Learning About Gluten Intolerance
Making food like baked zucchini sticks from scratch is the only way to know exactly what ingredients you're eating. That is unless you're an expert label reader and you know what all the scientific sounding ingredient names really mean. Most of us don't.
I am newly interested in label reading around here because I'm almost 100% sure that my daughter has a gluten intolerance. And it was a long road to finding out that gluten might be the culprit to what ailed her.
Why Study Gluten Intolerance
Let me give you a little background. My athletic and social 14 year old daughter pretty suddenly--or at least it seemed--started to have excruciating stomach pains accompanied by nausea and dizziness. Over the course of 2 months, we were at the doctor's office multiple times a week, going to urgent care, ER, and specialists. We still have specialist appointments that we're waiting for appointments for.
The GI specialist ran all kinds of tests... upper and lower endoscopy, CT scan, blood work. Everything came back normal. The only questionable thing was that her small bowel seemed sluggish.
However, no evidence of Crohns or Celiac, which were both diseases we thought possible.
Then we went to a new Primary Care doctor, and she decided to take us in a new direction. She thought that the dizziness might be related to blood flow and that could also be the culprit for slower gut function. So, she put in a consult to Cardiology--who we are still waiting to see. I also mentioned to her that we had just started a gluten-free diet because we wanted to see if that might be the cause of all the pain. She thought it was a great idea.
Notice--no doctor ever told us or suggested to us to try a gluten free diet--that was something we decided on our own because we weren't getting anywhere and symptoms weren't getting any better and the doctors weren't really doing much to treat her symptoms. It was all very frustrating.
My daughter has now been gluten-free for 5 weeks. At roughly 3 weeks without gluten she slowly started improving. She is still not 100%. We started using a lot of gluten-free products and I started cooking most of our meals gluten-free. Others, I would cook separately for her.
We've been eating a lot of tacos with both Homemade DIY seasoning, which is gluten free, and a store bought Gluten Free Taco Seasoning. Black Bean Salsa with corn tortilla chips are another favorite, as well as hummus with Gluten Free flat bread or red peppers.
She has some abdominal pain on and off, but nothing too severe at least for the past several days. Also, her dizziness has drastically improved. It had been to the point where we were having to walk her around the house because we were all afraid she would pass out and she was so unsteady.
Even better, she's back to school for the 1st time in 2 months.
We were on the verge of having to do home-bound instruction and had paperwork into the Mayo Clinic in Rochester, MN to try to have her seen by their Diagnostic Clinic because we weren't getting anywhere. The scary thing is--we still don't know for sure what is wrong with her, but we do know that gluten seems to be a factor. I'm hopeful that that is all the problem is/was, because thinking that I can keep my daughter healthy by keeping gluten out of her diet is something that I can make work. It's so much better than watching her suffer.
Making Meals Gluten Free
It's easier than you might think to make and buy gluten-free food. Making recipes like baked zucchini sticks is easy. We can also buy a lot of gluten free groceries online on Amazon's Gluten Free Prime Pantry. There are all kinds of food available there and you can get free shipping with Amazon Prime...not to mention free movies and television shows.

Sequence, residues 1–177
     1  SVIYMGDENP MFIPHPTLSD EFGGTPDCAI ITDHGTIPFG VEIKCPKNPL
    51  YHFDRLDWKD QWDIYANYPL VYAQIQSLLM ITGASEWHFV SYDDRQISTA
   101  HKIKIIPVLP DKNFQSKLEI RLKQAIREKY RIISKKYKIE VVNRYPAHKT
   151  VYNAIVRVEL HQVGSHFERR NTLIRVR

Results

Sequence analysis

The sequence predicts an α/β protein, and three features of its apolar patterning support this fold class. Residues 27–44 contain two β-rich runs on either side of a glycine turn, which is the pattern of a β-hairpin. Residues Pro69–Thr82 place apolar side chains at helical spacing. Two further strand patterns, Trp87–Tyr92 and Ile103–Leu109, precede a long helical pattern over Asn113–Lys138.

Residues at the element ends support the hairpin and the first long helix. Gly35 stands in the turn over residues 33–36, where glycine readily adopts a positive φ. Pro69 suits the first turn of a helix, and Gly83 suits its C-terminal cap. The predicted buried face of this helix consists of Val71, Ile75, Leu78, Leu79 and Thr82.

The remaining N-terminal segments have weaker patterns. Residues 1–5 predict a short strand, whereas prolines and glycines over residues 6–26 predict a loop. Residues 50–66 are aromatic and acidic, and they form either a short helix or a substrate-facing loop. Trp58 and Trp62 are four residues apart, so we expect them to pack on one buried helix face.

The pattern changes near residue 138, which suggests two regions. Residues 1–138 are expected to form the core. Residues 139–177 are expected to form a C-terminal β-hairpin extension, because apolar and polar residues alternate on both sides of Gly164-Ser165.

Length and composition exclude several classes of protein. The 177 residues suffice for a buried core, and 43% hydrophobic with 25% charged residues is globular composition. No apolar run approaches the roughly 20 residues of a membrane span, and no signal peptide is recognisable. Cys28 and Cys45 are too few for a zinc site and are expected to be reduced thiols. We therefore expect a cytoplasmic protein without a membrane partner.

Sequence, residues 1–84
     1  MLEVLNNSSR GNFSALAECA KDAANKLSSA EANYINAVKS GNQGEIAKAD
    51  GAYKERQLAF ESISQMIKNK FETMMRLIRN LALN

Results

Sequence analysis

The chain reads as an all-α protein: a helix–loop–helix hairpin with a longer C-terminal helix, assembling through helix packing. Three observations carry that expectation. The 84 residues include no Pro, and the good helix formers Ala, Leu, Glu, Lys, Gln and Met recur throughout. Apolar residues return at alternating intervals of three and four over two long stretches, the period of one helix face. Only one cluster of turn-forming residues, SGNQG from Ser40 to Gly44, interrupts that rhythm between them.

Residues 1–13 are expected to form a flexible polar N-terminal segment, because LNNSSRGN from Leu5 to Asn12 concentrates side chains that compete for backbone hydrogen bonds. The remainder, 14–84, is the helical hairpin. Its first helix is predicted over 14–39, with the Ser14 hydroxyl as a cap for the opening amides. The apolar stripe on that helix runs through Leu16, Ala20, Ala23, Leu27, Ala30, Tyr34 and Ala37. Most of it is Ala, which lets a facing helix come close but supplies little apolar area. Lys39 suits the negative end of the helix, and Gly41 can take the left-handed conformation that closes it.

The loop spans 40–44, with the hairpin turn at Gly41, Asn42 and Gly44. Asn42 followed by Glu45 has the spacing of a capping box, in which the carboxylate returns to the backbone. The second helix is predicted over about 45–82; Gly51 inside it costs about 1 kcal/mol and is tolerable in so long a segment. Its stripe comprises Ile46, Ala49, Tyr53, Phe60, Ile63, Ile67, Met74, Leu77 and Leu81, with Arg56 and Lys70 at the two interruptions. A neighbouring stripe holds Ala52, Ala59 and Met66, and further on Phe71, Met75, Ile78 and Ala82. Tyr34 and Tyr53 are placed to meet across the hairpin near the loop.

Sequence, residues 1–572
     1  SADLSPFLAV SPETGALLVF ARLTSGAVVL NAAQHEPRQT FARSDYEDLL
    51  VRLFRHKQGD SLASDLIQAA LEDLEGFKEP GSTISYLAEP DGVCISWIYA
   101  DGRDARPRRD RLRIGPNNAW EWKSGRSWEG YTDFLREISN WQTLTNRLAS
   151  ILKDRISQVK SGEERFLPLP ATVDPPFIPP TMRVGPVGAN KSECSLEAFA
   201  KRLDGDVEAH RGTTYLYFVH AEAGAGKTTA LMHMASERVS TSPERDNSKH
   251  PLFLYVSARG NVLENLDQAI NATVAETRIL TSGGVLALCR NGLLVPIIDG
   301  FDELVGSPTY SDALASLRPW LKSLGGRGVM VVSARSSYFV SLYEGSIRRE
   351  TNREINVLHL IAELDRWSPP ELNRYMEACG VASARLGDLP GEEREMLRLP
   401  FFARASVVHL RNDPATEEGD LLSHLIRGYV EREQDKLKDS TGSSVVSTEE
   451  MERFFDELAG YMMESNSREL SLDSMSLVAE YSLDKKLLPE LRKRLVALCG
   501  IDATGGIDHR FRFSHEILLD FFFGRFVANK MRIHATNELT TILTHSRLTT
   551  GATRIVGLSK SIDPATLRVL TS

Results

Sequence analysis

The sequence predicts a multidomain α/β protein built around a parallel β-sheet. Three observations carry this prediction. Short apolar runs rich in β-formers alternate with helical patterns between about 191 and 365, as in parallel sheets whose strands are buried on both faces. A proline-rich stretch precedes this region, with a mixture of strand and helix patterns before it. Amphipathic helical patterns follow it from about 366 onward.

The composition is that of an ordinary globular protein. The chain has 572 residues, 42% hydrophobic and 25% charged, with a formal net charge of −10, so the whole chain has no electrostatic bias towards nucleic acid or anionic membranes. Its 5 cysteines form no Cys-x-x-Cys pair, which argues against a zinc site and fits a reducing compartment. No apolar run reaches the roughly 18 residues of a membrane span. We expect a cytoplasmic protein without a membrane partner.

We also shop locally at ALDI, our local grocery store and a variety of other area superstores.
I've gotten good at finding restaurants that have gluten-free menus before we go out to eat, because it can be stressful to go out to eat only to find that there isn't anything on the menu that my daughter can eat. Thankfully, gluten-free is a current buzz word, a trend that has demand up for products to be free of ingredients that are unwittingly harmful to so many people.
I'm hoping that my daughter continues to improve and that gluten is the cause of all her symptoms these last couple of months. It's not fun, but it's so much better than the many different alternatives.
Homemade Baked Zucchini Sticks with Marinara
Yes, you can make baked gluten-free zucchini sticks. The only ingredient you really need to make sure about is that you are buying Gluten Free Breadcrumbs. The chili powder should be pretty safe, but I always double-check the ingredients and often use an app on my phone called The Gluten Free Scanner to make sure that a product is safe. My daughter uses that app and a second one in case a product isn't listed. There is also Gluten Free Food Finder.
You can also toss a tablespoon or two of dried Parmesan cheese into the coating to add some delicious flavor.
Baked Zucchini Sticks
- Egg white
- salt pepper and chili powder (dash each)
- 3 tablespoons Italian bread crumbs
- Slice a zucchini into sticks and dip them into a beaten egg white with salt, pepper and some chili powder.
- Put 3 tablespoons. Italian bread crumbs into a baggie.
- Throw the zucchini sticks, a few at a time, into the baggie and shake until covered.
- Spray some Pam onto a cookie sheet and place the zucchini in a single layer and spray Pam on top.
- Bake at 400 for about 20 minutes, then broil for a few minutes to get them crunchy. Sprinkle with Parmesan cheese.
Count as 2 points - 1 zucchini = 0, 1 egg white = 0, 3 Tbsp. bread crumbs = 1, 1 Tbsp. parmesan cheese = 1.